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Khirad On September - 17 - 2010

From Richmond, I went further east in Virginia, and deeper back into history, to the Historic Triangle of Virginia which is composed of Jamestown, Yorktown, and Williamsburg.

First up, Historic Jamestowne, and John Smith, marking the area near where the Discovery, Susan Constant and Godspeed dropped anchor, and English settlers first set foot on American (or should I say, Powhatan) land.

Jamestown Church.

The tower dates to 1639.

Inside the the recreated church, which was built in 1907 upon the foundations of the 1617 and 1639 church foundations, where the first legislature in America met. There was a short Sunday church service done by a park service interpreter. It was pretty intimate, there being less than ten visitors there. I’m not religious, but there was a special spiritual feeling to it, to offer a prayer in a place that heard those same prayers nearly 400 years ago.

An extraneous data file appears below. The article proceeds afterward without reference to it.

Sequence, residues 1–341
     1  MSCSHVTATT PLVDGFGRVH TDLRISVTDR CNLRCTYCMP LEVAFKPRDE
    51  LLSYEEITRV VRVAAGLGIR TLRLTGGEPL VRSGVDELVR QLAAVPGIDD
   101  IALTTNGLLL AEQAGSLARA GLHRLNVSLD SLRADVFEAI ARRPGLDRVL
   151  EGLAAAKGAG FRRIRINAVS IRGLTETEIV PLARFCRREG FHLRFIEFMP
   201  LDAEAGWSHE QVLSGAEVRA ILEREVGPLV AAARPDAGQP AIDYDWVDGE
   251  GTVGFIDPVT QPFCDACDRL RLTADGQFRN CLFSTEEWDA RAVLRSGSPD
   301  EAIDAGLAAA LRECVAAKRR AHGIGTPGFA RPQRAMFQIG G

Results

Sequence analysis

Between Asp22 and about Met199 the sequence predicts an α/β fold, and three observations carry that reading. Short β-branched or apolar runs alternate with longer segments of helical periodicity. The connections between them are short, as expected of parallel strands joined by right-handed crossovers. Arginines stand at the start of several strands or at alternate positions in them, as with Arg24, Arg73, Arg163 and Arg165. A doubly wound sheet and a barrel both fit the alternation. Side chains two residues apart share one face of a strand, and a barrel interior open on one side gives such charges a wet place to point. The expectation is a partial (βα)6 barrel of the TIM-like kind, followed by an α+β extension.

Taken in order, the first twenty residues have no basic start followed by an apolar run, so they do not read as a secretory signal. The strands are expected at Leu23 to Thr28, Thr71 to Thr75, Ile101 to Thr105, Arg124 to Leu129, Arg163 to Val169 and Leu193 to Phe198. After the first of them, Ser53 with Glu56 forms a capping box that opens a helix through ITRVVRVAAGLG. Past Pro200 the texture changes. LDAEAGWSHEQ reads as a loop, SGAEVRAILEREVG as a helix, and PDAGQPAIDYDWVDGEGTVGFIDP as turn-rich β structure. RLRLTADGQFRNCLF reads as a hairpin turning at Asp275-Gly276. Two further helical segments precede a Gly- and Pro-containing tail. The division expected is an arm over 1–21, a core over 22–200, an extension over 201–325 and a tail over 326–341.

The back, with John Smith peeking through to the left.

Jamestown Tercentennial Monument.

During the Civil War, Confederate troops built earthworks like this, near where the original fort would have been.

Ye olde tavern (I’m joking, it was called Swann’s Tavern), the nearest surviving ruins next to, where else? the church! From what I know, one of the ancestors I can trace my family tree back to, Stephen Hopkins, may have spent too much of his time here. In seriousness, I don’t know if it would have been operating when he was there, though.

Just some more generic ruins.

In Georgian style, the Ambler House, burnt first during the Revolution, then burnt down again by fleeing slaves in the Civil War, and finally abandoned after a third fire in 1895.

I just thought this tree had an expressiveness to it.

This is on the outskirts of town, around where another relative of mine (I have two, one from my mother’s and another from my father’s side) would have lived.

Row houses.

With picturesque pathway.

Pocahontas looking more like Q’orianka Kilcher than she probably did.

Yorktown, British line. This is where Tea Partiers might have found themselves, fighting against those anti-colonialists.

A view to the left.

The French line. I’ll reserve my white flag snark. They helped win this one, and thus, Independence.

Civil War cemetery smack dab in the middle of the Yorktown battle site.